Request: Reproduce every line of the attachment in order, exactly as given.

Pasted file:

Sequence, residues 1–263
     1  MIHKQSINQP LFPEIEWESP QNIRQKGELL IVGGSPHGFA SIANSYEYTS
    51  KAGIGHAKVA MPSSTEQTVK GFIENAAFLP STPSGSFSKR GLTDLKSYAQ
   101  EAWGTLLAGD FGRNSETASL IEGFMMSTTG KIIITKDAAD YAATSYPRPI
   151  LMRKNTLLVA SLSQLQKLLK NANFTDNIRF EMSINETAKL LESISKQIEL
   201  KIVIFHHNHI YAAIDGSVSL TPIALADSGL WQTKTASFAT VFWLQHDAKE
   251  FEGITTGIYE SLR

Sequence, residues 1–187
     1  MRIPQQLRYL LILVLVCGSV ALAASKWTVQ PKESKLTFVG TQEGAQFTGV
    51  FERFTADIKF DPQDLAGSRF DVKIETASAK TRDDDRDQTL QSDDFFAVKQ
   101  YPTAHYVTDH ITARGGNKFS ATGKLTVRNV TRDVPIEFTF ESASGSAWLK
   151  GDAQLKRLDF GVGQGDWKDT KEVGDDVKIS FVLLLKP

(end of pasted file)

Sequence, residues 1–263
     1  MIHKQSINQP LFPEIEWESP QNIRQKGELL IVGGSPHGFA SIANSYEYTS
    51  KAGIGHAKVA MPSSTEQTVK GFIENAAFLP STPSGSFSKR GLTDLKSYAQ
   101  EAWGTLLAGD FGRNSETASL IEGFMMSTTG KIIITKDAAD YAATSYPRPI
   151  LMRKNTLLVA SLSQLQKLLK NANFTDNIRF EMSINETAKL LESISKQIEL
   201  KIVIFHHNHI YAAIDGSVSL TPIALADSGL WQTKTASFAT VFWLQHDAKE
   251  FEGITTGIYE SLR

Sequence, residues 1–187
     1  MRIPQQLRYL LILVLVCGSV ALAASKWTVQ PKESKLTFVG TQEGAQFTGV
    51  FERFTADIKF DPQDLAGSRF DVKIETASAK TRDDDRDQTL QSDDFFAVKQ
   101  YPTAHYVTDH ITARGGNKFS ATGKLTVRNV TRDVPIEFTF ESASGSAWLK
   151  GDAQLKRLDF GVGQGDWKDT KEVGDDVKIS FVLLLKP